Autonomy at work is a popular topic of conversation at a time when the work culture is gradually becoming more relaxed in most organisations. The transition from the strict corporate work culture to an employee-friendly workplace is apparent. However, like any transitory phase, people usually undergo bouts of hesitation and niggling doubts about what is ideal or necessary and what isn’t. It is no different for work culture.
New lines are being drawn and organisations are slowly going out of their way to bend the rigid conventional rules and guarantee better work experience for their employees. That explains why coworking spaces are becoming the latest trend. They offer the convenience and flexibility in terms of location and work hours. These shared office spaces have broken out of the formulae, and are providing entrepreneurs and their employees the independence of opting for flexi-timings, across their multiple locations.
However, the new work ideal is not yet clearly defined. Most organisations are deliberating over what degree of autonomy would be the best for them, as a company, and at the same time benefit their employees. It may be a tough decision to take since freedom is unquantifiable. Perhaps, the secret lies in finding the perfect balance between structure and autonomy.
So, what is autonomy at work?It is the freedom to choose how, where and when to work. It also empowers the employees to determine the sequence of their tasks at hand as long as they meet the stipulated deadlines. The opportunity to take independent decisions as an individual and as a team also makes them autonomous to a certain extent.
Autonomy at work can also be defined as the trust that the organisation invests in their employees to eke out the best from them. It includes:
Freedom from Micro Management
Trusting employees to self-manage their work boosts their confidence and increases their self-esteem, which in turn enhances their quality of work.Leaving them on their own, after a certain period of hand-holding, moulds them to think independently. In a matter of time, they grow to drive important business decisions and become an asset for the company.
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Freedom to Work Individually and As A team
While organisations may encourage employees to plan their own work schedules, they might run the risk of creating an isolated company culture. Organising group activities or assigning more than one employee for a project gives them the freedom to hone the skill of teamwork by engaging with their peers.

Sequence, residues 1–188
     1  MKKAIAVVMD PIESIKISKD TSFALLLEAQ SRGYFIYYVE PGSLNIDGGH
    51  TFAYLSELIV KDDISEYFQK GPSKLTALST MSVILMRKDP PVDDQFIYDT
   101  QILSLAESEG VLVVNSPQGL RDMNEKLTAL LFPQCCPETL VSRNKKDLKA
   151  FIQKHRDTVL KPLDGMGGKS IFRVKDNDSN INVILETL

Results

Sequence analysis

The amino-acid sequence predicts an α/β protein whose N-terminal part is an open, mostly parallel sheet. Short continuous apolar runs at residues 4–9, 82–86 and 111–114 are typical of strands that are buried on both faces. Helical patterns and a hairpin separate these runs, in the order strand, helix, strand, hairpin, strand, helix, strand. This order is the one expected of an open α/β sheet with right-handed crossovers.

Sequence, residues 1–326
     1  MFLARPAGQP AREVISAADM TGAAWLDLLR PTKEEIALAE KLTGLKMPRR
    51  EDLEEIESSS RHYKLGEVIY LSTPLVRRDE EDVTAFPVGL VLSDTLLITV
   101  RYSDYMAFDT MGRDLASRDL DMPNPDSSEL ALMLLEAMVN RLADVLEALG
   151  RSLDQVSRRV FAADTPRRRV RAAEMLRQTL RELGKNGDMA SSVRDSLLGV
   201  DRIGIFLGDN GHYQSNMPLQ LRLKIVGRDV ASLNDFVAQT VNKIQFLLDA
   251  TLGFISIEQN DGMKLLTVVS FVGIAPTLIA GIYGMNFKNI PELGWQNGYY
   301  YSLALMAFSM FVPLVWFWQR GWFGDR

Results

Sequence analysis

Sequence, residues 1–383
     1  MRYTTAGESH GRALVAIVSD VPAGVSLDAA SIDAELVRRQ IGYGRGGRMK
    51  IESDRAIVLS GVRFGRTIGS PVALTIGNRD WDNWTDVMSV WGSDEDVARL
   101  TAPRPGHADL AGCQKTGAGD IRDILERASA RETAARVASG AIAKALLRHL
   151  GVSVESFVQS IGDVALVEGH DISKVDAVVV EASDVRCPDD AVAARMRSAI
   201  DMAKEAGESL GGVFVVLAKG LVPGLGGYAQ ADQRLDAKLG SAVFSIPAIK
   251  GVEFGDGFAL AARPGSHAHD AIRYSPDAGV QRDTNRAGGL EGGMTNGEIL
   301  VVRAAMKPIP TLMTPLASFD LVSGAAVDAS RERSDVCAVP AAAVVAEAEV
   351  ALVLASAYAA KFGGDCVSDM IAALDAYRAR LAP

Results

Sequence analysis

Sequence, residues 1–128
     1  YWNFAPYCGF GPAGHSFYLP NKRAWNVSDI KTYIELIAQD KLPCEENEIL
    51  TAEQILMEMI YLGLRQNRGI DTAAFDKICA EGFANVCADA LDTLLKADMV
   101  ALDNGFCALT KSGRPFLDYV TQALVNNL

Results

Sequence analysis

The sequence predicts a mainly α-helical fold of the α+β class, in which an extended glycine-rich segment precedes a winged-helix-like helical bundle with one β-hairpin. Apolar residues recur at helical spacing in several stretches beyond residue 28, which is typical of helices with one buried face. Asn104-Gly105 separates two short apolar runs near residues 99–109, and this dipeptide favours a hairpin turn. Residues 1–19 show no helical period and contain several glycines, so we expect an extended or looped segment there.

Freedom from Rigid Practises
Organisations tend to stick to the time-tested rules rather than undertake the risk of going against the conventional norms. Allowing employees the independence to work in a way that they feel would enhance their work productivity is an exhilarating experience indeed!
Freedom from Set Rules Regarding Breaks
Flexible lunch hours, a growing workplace trend, encourage the workforce to set their own goals, take breaks accordingly and come back rejuvenated. What’s more, employees are free to even lunch at their work desk, if that suits them better, or when work deadlines keep them away from joining their colleagues for lunch.
Organisations are also gradually moving away from the stringent norm of allowing employees not more than one break in a workday and that too at a fixed hour of the day.In contrast, companies now want their employees to go for multiple breaks to refresh their mind frequently.They are reposing trust in them and the freedom to choose the time and the number of breaks they take.
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Freedom to Enjoy Work
Employees are now offered the independence to listen to music as long as they don’t disturb their colleagues, start a meaningful conversation with co-workers in a low voice or play a game of foosball. As long as they don’t lose their sense of accountability to the organisation, they enjoy the autonomy to schedule their work according to the required deadlines.
As opposed to micromanaging every task that they work on, it may be a smart decision to supervise their performance through online tracking platforms and offer feedback. It takes a two-way process between the top management of organisations and employees to strike the right balance. Evolved work ethics that ensure transparency between the management and the workforce provide the latter with a sense of freedom at work. This, in turn, boosts their efficiency. After all, happy employees are the most productive employees.
Share with us what gives you a sense of freedom at your workplace.
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